On Monday, San Diego medical marijuana collectives unveiled a proposed ballot initiative that would regulate storefront operators and generate additional revenue through a sales tax to the city of San Diego. The move comes after years of futile efforts to get the city council to enact a friendly ordinance regulating dispensaries and as both local and federal prosecutors are cracking down on dispensaries in the area. The same collectives earlier this year collected enough signatures to successfully repeal a restrictive city ordinance. If they get enough signatures this time, the measure will be on next November's ballot.


Montana

On December 15, three medical marijuana dispensary operators were sentenced in federal court to a year in prison each. Joshua Schultz, Jesse Leland, and Jason Burns could have faced a five year prison sentence, but the US Probation Office recommended two to 2 ½ years under sentencing guidelines.

US District Court Judge Charles Lovell went a step further, saying: "The sentencing range that established the guidelines has been, in the judgment of the court, excessive for utilization in this particular case under what I find to be very unusual circumstances. While it is true that the law was violated and while it is true that the computation set forward by the US Probation Office complies with the guidelines in an ordinary case, this is not an ordinary case as to each of the three defendants."

The three men had all operated dispensaries in compliance with Montana state law and believed they were safe from federal prosecution because of the Justice Department's 2009 Ogden memo. But their dispensaries were among more than two dozen hit in March raids by the feds, and they were arrested and jailed on about 25 charges each, including manufacturing and distributing marijuana and money laundering.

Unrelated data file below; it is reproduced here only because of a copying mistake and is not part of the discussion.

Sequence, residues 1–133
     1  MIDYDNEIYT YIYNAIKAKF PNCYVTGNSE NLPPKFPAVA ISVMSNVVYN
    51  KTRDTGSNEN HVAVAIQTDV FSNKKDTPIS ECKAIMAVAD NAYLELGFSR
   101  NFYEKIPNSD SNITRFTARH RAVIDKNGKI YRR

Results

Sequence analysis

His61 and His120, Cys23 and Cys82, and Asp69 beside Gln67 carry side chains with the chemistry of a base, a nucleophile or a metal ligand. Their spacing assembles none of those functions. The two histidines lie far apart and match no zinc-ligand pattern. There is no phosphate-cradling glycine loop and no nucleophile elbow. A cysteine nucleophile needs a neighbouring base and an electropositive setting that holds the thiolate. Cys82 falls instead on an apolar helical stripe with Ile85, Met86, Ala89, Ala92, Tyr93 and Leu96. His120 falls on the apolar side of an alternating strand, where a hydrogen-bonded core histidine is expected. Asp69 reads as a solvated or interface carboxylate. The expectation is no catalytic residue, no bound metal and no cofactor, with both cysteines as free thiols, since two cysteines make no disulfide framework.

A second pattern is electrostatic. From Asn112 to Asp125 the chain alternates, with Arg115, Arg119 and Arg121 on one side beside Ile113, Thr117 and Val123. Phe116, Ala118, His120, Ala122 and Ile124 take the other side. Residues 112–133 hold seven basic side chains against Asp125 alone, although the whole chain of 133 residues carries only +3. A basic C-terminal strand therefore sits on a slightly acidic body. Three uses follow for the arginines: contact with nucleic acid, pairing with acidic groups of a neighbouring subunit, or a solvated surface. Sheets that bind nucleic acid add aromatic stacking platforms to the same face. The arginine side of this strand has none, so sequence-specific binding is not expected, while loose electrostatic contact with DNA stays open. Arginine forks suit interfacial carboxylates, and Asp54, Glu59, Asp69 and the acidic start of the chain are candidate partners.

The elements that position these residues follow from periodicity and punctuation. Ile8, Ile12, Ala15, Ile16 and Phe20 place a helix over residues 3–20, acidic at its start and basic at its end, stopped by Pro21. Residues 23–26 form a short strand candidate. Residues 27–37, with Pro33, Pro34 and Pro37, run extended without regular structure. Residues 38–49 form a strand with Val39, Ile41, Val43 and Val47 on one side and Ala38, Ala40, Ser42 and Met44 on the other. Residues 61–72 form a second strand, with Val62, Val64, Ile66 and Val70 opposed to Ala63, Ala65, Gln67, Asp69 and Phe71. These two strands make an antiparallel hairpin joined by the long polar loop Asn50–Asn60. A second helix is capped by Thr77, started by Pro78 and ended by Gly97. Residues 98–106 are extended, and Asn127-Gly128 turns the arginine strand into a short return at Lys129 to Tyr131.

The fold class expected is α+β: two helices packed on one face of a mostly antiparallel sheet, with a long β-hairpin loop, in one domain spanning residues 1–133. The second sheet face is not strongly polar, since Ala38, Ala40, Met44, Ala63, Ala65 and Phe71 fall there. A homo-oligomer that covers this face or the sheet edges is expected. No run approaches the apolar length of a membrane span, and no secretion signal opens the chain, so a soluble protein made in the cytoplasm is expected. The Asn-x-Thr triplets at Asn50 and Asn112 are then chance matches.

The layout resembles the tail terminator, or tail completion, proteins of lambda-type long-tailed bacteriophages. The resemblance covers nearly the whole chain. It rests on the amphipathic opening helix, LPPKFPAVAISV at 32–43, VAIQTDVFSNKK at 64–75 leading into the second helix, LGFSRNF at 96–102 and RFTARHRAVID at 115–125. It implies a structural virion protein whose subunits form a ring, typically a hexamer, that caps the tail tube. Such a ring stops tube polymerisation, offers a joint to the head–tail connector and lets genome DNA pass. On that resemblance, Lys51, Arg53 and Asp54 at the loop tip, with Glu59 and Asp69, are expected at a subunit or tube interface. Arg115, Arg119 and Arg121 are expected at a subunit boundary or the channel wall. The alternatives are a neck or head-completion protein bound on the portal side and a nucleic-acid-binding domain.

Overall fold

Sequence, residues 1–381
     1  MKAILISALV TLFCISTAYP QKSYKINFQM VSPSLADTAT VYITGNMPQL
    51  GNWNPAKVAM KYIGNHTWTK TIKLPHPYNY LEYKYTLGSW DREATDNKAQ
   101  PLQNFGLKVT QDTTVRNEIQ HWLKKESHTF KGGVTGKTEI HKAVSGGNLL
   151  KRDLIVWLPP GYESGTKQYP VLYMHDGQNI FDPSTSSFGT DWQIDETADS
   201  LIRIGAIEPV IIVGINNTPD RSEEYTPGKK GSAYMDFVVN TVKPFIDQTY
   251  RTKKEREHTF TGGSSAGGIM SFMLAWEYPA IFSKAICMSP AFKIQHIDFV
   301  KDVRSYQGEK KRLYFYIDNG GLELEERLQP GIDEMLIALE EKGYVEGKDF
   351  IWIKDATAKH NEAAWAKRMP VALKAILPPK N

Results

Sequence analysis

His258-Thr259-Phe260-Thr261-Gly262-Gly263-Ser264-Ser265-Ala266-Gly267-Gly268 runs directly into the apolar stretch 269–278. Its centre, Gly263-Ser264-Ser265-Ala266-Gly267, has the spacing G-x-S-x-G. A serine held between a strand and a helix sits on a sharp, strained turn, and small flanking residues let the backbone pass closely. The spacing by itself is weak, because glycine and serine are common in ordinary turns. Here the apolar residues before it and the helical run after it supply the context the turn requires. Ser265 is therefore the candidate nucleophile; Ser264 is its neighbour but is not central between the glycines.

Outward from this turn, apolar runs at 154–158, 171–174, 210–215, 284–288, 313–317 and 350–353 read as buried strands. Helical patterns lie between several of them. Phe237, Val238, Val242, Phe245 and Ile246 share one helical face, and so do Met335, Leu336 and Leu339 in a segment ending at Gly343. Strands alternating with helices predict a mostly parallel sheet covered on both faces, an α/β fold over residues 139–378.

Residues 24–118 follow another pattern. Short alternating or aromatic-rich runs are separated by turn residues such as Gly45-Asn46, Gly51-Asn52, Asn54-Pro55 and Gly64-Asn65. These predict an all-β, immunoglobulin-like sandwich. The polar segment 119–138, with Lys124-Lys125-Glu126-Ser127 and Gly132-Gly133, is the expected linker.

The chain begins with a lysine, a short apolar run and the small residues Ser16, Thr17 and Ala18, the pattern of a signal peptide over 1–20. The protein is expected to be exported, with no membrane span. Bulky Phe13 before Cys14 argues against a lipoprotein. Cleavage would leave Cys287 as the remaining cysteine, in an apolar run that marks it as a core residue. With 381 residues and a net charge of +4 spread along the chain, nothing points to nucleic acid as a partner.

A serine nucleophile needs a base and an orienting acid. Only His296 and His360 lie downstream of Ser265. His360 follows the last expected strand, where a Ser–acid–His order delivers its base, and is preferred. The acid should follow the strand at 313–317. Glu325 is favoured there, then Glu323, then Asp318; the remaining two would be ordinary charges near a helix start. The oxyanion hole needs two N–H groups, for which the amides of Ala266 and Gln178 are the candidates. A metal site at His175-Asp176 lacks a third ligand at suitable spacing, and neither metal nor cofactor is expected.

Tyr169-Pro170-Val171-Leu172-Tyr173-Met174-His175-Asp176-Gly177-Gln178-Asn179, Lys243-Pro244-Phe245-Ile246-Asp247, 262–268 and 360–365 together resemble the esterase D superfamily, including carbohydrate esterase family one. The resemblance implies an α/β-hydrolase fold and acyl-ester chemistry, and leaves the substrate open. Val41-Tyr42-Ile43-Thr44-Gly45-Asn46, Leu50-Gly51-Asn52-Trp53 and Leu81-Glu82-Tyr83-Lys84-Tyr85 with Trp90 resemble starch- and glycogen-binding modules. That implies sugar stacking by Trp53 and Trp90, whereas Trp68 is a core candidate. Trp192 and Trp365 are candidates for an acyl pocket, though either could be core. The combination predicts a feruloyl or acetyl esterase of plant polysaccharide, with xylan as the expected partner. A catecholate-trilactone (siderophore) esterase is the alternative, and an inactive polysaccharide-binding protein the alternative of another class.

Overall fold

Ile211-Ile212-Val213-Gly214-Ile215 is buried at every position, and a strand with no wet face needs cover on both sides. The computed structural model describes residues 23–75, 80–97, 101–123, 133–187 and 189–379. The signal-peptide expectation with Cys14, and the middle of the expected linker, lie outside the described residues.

On Tuesday, a Whitefish man who helped run a medical marijuana dispensary was sentenced to a year and half in federal prison. Ryan Blindheim, 34, had helped operate the Black Pearl dispensary in Olney along with Evan Corum, also of Whitefish. Corum earlier pleaded guilty to money laundering and was sentenced to six months in prison. Blindheim pleaded guilty to money laundering and conspiracy to manufacture marijuana. Black Perl was among the more than two dozen medical marijuana businesses raided by the feds in March.


Washington

On December 14, Seattle marijuana defense attorney Douglas Hiatt filed a lawsuit challenging the city's ordinance regulating medical marijuana dispensaries. The lawsuit argues that the ordinance is unconstitutional because it requires dispensary operators to admit they are taking actions that are illegal under federal law.


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#3 notsofasteddie

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Posted 04 January 2012 - 06:08 PM

Medical Marijuana Update

by Phillip Smith,
January 04, 2012


Here's the latest on the medical marijuana front:


California